Aubry, Etienne. Les adieux à la nourrice. 1776-1777, oil on canvas. Sterling and Francine Clark Art Institute.
Aubry was born in 1745 at Versailles. A member of the Royal Academy, he developed his talents as a genre painter. By age 25 he was established at court painting domestic scenes and portraits. The artist did not live to see the revolution, dying at the age of 36.
The work features a father and mother who have come to pick up their baby from the wet nurse whom he was assigned to. Typical practice, the child was left to stay with the nurse and her family for the first few months of infancy. This moment depicts the struggle the little one felt while being pulled from one mother and handed to an unknown mother.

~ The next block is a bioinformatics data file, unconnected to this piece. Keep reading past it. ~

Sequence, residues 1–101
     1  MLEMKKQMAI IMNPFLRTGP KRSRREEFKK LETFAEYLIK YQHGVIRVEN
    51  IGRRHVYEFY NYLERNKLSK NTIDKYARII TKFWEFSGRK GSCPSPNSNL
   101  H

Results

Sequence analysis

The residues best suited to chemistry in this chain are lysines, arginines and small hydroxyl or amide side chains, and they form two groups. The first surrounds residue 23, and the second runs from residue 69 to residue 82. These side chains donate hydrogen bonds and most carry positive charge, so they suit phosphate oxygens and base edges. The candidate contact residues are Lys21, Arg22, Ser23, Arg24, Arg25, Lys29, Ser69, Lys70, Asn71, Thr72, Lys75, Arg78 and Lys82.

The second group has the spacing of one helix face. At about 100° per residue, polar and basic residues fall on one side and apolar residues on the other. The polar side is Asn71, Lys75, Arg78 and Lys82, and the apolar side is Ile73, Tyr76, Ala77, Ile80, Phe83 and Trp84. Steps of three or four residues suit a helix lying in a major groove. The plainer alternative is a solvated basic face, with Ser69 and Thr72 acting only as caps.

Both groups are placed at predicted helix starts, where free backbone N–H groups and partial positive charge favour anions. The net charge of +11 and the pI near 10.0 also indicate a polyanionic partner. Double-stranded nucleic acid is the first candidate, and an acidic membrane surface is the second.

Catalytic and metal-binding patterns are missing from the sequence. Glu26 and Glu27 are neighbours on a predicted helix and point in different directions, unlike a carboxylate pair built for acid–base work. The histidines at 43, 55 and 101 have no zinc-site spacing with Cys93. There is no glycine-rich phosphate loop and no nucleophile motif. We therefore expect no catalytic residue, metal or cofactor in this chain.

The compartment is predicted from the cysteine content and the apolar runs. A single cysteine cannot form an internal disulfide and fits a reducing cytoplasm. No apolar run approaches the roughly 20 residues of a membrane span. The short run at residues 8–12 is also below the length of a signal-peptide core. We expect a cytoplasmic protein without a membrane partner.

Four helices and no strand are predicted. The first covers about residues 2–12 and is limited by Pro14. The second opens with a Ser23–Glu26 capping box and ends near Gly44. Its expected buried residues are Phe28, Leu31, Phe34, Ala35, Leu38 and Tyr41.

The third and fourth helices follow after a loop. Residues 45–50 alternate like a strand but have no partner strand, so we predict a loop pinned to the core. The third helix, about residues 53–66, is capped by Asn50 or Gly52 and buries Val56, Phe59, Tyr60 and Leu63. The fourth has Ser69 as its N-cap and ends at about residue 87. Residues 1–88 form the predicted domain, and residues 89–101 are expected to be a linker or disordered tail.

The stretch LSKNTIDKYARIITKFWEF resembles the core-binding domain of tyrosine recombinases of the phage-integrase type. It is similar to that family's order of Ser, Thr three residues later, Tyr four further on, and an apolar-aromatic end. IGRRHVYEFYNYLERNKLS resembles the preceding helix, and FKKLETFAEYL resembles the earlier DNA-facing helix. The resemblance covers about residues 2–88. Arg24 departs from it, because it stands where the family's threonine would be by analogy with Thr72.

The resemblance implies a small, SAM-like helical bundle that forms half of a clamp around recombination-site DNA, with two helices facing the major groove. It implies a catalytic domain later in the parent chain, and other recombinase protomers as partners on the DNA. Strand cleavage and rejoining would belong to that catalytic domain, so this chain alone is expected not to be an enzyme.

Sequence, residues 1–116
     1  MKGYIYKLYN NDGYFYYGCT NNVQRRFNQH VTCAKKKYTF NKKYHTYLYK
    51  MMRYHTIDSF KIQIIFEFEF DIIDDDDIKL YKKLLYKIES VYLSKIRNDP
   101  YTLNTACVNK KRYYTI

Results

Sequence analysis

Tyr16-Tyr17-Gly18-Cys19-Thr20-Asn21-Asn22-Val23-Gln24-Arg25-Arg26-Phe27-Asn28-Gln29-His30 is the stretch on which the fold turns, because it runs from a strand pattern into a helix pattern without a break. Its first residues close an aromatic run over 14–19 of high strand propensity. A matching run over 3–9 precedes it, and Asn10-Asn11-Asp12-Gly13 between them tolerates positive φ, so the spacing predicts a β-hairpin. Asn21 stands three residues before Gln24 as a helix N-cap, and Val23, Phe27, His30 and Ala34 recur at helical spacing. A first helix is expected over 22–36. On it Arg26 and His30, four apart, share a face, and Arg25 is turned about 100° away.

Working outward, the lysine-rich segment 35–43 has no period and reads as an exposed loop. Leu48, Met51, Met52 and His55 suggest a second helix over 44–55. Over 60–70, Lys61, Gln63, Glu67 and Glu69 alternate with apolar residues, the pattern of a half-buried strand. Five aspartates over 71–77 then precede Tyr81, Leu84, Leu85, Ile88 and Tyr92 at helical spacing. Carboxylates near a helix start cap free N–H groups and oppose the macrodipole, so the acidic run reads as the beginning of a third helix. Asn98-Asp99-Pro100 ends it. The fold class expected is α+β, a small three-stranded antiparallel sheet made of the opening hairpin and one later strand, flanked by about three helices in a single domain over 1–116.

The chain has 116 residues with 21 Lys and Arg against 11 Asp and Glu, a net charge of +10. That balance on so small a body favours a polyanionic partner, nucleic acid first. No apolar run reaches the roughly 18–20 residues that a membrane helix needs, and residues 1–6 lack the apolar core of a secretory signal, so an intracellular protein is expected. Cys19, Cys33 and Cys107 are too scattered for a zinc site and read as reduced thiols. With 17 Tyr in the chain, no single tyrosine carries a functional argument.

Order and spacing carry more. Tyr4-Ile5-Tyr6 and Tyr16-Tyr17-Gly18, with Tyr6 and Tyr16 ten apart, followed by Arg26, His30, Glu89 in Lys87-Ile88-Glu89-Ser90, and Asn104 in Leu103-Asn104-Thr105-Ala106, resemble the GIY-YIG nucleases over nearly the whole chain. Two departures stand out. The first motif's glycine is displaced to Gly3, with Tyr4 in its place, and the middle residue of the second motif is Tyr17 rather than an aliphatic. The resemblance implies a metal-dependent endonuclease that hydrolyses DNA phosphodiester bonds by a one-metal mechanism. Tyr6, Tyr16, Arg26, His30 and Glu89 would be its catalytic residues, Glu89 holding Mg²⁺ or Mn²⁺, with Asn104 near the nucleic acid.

Emile, or On Education which was not well received in France (at first). In the first book of this work, he strongly advocated that it was a mother's first duty to nurse her own babies, rather than hire a wet nurse.
Aubry seems to play with this idea. The reaction of the infant is apparent, distress evident in his facial expression, eyes and body language, when he his handed to his mother, that he does not even look up at her; his eyes are locked on the wet nurse's face. So strong is the emotion of all figures in the composition, that without the title of the work, one may suspect a child is being taken from its family rather than returning to it.